Abbe’s theory

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In 1866, Ernst Abbe and Carl Zeiss cooperated together to improve the optical performance of microscopes. Only until then microscopes and microscope objectives were being produced by trial and error; some having exceptional optical performance but others having undesirable features. Abbe and Zeiss knew that they could only get an optimum and consistent performance on a complete theoretical basis. (Gundlach, 2005)

Abbe discovered after many calculations and experiments that the diffraction image in the back focal plane of the objective is essential for image formation. (Gundlach, 2005)

“No microscope permits components (or the features of an existing structure) to be seen separately if these are so close to each other that even the first light bundle created by diffraction can no longer enter the objective simultaneously with the non-diffracted light cone.” Ernst Abbe, 1873. (Gundlach, 2005)

Light rays diffracted by the specimen from the objective of an optical microscope are fundamentally important in Abbe's theory. Fine details of the specimen will not be visible, unless diffracted rays of light from the specimen are captured by the objective. (University, 2005)

Diffraction forms the image of light absorbing specimen. The light shows the specimen's structure consists of grating of different shapes of holes. A specimen will give a consistent bright image if the rays of light passes through the specimen undiffracted. Information is carried by the diffracted light over and around the structures of the specimen. (Logg, 2006)

If for example, a plane wave, which is parallel light, shown in figure 1, would enter from under and onto the optical axis, different diffractions of different angles would emerge. If there will be for instance smaller periodicity between the grids, meaning a smaller distance, the angles will be greater. (Logg, 2006)

Figure 1, shows two gratings with different periodicity, through which parallel light can pass. In the rear focal plane of the objective occurs a diffraction pattern. Take into account, that a wider spread of the diffraction pattern is resulted from smaller distance of spaces. (Logg, 2006)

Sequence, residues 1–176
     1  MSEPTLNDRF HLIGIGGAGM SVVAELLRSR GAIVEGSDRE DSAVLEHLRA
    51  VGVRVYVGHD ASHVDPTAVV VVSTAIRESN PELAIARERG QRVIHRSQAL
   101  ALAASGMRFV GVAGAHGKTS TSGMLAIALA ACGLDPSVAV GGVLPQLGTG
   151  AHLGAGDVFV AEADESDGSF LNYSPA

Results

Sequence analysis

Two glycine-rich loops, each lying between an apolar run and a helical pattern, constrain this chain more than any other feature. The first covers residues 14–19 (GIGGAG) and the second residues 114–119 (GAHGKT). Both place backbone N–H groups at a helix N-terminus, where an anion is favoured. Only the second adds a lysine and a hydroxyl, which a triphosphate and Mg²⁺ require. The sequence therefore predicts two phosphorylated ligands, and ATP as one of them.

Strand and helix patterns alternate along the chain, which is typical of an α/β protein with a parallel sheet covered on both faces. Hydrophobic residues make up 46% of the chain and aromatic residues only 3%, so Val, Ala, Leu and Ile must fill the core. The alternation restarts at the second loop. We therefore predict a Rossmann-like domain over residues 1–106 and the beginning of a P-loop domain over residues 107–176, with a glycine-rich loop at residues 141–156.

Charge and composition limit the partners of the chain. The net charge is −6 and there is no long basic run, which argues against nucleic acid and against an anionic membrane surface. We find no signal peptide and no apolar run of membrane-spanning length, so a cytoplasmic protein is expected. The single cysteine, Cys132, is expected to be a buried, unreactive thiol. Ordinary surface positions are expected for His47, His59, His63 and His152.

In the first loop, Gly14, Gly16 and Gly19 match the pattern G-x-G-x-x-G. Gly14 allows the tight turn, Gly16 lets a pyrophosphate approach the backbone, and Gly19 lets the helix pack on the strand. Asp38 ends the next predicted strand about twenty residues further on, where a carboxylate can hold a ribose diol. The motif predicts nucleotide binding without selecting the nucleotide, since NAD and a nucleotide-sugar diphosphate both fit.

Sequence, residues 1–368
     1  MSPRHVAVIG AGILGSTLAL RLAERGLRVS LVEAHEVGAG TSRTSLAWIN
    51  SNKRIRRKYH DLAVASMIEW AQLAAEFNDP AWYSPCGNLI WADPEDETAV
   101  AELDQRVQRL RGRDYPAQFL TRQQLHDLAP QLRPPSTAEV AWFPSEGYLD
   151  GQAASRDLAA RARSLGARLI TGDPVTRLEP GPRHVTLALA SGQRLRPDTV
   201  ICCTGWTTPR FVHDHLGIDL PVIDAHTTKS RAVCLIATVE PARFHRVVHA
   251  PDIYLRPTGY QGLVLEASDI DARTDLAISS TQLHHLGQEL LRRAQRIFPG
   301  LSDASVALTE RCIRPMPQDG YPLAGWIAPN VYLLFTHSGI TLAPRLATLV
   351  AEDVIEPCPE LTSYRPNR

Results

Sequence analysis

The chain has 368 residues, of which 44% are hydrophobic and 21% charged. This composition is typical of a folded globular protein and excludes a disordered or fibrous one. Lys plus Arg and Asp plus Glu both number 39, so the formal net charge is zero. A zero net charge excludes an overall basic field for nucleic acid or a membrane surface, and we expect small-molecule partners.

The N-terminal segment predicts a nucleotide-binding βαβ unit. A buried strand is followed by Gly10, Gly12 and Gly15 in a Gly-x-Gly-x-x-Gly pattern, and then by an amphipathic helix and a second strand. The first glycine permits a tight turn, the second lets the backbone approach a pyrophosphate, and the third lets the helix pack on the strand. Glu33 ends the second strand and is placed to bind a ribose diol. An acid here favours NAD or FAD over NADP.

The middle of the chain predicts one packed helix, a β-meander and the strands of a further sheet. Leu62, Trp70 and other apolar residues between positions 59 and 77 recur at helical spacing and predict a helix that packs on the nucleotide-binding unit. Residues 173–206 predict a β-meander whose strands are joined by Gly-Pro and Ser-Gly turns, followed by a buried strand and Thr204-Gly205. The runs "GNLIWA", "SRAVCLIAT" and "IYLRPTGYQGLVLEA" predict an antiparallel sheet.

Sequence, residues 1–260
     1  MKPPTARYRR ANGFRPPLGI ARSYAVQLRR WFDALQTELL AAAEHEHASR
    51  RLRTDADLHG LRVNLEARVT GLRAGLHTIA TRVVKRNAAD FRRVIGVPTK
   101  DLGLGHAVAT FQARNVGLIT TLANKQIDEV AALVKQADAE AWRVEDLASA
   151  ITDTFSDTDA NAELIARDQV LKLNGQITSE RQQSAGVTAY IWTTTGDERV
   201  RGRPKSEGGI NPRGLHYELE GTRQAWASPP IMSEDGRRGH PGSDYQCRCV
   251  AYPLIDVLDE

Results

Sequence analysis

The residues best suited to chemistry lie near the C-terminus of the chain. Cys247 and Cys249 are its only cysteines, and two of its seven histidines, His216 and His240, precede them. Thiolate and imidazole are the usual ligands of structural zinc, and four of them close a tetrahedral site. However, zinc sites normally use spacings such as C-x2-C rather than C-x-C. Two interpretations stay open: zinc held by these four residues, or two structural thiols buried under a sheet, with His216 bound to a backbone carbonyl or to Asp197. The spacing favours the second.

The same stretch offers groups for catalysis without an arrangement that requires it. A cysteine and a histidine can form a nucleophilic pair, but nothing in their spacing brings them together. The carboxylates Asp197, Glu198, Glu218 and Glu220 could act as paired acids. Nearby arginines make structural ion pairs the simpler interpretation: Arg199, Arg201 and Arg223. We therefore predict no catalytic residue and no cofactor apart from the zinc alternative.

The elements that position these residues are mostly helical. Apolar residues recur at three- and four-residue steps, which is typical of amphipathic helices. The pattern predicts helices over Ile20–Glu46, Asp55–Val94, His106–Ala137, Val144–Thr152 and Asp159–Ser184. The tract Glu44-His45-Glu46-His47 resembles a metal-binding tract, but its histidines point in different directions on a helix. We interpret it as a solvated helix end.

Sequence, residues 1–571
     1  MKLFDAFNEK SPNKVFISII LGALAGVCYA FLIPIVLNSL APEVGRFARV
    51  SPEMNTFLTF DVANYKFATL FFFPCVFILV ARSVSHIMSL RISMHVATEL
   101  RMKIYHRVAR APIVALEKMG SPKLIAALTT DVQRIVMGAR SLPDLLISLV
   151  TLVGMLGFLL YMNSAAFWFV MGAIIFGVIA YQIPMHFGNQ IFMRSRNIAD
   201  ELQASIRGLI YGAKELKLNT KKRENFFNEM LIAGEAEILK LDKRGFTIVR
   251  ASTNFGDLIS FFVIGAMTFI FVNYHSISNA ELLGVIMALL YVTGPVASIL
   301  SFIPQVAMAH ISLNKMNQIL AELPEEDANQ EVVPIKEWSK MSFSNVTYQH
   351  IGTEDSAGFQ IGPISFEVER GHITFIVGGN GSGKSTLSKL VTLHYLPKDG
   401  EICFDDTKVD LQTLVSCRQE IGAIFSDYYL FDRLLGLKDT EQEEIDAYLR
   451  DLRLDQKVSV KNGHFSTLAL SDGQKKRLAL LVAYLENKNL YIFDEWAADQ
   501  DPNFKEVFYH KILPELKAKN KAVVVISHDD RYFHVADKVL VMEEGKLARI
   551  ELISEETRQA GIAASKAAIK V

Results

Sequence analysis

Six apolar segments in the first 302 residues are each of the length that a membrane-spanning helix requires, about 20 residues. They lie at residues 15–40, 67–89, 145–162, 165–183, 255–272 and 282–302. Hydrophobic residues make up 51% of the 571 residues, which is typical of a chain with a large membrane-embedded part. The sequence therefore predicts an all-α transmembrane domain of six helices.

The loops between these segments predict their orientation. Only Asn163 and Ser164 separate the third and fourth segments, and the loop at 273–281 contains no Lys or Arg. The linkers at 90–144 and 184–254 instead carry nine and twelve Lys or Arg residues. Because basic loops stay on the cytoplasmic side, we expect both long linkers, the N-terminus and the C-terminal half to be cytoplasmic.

The Fourier transform of the image appears in the diffraction pattern in the objective's focal plane.The appearance of bright spots on a line resembles the grid. From this the zeroth order is the central spot. In the objective's back aperture, all light that will go through the sample undiffracted, will pass this spot. The spots next to the zeroth order are the first diffraction orders and the next the second etc. An evenly intense image in the image plane shown in figure 2, shows the blocking of all spots except from the zeroth order. Blocking all light but the first order spots will result in an image with an intensity variation having the same frequency as the grid. The second and third diffraction order alone gives a false period. Nevertheless, a reasonable image of the specimen can only be obtained by adding the four orders (zeroth to third). (Logg, 2006)

Ernst Abbe concludes that only when the objective captures at least two of the diffraction orders, will an image be formed. Even finer details can be resolved if more diffraction orders can be captured by the objective. (Logg, 2006)

When blocking different diffraction orders in the plot, as shown in figure 2,it shows the image of a grating (image to the left)The intensity of image of the grating should look like Igrating . (Logg, 2006)]

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Gundlach, H., 2005. Innovation 15. [Online] Available at:$File/Innovation_15_18.pdf
Logg, K., 2006. O1 - Optical Microscopy. [Online] Available at:
University, M. W. D. a. T. F. S., 2005. Molecular Expressions. [Online] Available at: